It’s time for the Federal Reserve to ease up on bond-buying by the central bank, in part because keeping it up could cause problems in the housing market, which shows no signs of slowing down its brisk pace, Federal Reserve Bank of St. Louis President James Bullard told The Wall Street Journal.
“I think the time is right to pull back emergency measures,” Bullard told the WSJ, pointing to 7 percent growth in the U.S. economy and continued drops in the number of positive COVID-19 cases across the country, with almost half of Americans fully vaccinated. He said the pullback can wait until the Federal Open Market Committee is ready to act. “We do want to do it gently and carefully, but I think we’re in a very good position to start a taper,” he said.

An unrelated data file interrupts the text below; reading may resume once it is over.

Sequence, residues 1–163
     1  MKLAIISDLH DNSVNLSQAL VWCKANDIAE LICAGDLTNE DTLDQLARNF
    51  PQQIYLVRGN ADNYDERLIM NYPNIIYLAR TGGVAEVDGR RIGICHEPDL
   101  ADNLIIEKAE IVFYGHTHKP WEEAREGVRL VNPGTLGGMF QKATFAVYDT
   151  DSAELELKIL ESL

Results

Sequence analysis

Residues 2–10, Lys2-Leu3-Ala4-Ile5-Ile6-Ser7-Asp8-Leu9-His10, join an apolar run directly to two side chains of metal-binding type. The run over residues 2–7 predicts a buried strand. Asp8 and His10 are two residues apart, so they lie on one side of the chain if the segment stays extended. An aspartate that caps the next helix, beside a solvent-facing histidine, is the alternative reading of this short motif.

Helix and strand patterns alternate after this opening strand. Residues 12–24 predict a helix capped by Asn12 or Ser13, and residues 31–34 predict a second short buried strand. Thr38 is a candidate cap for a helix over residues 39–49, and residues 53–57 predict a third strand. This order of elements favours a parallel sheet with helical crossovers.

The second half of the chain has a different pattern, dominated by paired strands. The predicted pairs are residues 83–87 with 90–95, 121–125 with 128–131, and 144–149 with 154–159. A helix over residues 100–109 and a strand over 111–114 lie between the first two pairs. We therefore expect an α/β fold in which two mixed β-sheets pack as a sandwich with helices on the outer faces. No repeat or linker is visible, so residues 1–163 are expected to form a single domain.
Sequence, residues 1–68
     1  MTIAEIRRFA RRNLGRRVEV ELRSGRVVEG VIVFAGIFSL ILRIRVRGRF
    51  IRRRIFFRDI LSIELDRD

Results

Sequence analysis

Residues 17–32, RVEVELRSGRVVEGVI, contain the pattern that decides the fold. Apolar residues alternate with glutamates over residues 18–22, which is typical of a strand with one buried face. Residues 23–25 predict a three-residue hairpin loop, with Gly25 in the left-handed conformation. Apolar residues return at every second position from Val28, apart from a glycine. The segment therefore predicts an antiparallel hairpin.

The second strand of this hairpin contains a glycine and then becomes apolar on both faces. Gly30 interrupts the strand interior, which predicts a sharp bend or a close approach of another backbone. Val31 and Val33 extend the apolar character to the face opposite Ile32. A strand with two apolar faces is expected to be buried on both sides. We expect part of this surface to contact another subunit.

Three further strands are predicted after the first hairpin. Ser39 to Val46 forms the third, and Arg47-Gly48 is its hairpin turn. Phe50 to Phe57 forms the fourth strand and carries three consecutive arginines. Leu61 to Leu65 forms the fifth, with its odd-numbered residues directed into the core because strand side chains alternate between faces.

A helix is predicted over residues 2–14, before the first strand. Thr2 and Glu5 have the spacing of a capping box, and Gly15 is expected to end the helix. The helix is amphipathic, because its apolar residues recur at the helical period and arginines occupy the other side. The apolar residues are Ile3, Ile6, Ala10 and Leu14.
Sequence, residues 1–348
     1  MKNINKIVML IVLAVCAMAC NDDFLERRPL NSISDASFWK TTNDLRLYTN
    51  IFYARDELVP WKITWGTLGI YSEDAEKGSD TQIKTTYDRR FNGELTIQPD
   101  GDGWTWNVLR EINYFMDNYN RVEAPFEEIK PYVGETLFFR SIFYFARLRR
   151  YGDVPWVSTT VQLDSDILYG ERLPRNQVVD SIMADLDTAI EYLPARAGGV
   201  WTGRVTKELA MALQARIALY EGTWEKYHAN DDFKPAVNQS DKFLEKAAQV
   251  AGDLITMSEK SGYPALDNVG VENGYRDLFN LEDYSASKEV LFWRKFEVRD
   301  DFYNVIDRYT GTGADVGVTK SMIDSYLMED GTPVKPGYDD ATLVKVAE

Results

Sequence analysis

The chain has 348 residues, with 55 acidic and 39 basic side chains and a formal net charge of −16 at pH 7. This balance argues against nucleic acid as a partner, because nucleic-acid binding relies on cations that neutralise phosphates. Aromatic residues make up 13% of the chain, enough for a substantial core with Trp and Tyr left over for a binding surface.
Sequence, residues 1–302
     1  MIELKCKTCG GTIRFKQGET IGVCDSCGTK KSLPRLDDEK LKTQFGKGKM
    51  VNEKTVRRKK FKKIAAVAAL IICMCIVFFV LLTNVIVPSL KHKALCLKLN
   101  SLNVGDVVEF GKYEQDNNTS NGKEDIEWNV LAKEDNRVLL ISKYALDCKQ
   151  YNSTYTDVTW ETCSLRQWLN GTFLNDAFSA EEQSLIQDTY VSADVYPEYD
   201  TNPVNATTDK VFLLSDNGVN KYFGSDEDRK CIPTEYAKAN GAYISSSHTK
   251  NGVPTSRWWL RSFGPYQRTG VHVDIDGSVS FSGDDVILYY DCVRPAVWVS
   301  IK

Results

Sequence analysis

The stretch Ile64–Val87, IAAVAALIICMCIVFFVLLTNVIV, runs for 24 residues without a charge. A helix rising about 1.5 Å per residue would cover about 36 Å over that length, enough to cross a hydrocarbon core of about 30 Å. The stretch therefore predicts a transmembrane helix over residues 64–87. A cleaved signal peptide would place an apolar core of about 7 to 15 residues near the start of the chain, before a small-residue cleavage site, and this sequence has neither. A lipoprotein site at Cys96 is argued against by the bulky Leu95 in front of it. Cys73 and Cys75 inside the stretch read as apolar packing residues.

The Federal Reserve Bank has been buying bonds at a pace of $120 billion a month since the COVID-19 pandemic triggered fears of an economic crash in March 2020. That brisk purchase pace has led to investors taking new risks all over the world, including a six-month jolt for bitcoin that ended in April, when the most popular cryptocurrency topped out at $60,000 per digital coin.
New York Fed President John Williams doesn’t see the direct link between the central bank buying mortgage bonds and the housing market like Bullard does. He urged Bullard and others who tie the two together to instead consider how both purchase types can support overall economic growth. The job market is still in a bit too precarious of a position for the Fed to stop buying assets, said Williams.
Bullard told the WSJ that he expects inflation will rise to 3 percent this year and 2.5 percent in 2022. That would be a positive outcome, as the Fed aims for levels above 2 percent to make up for the drop during the pandemic.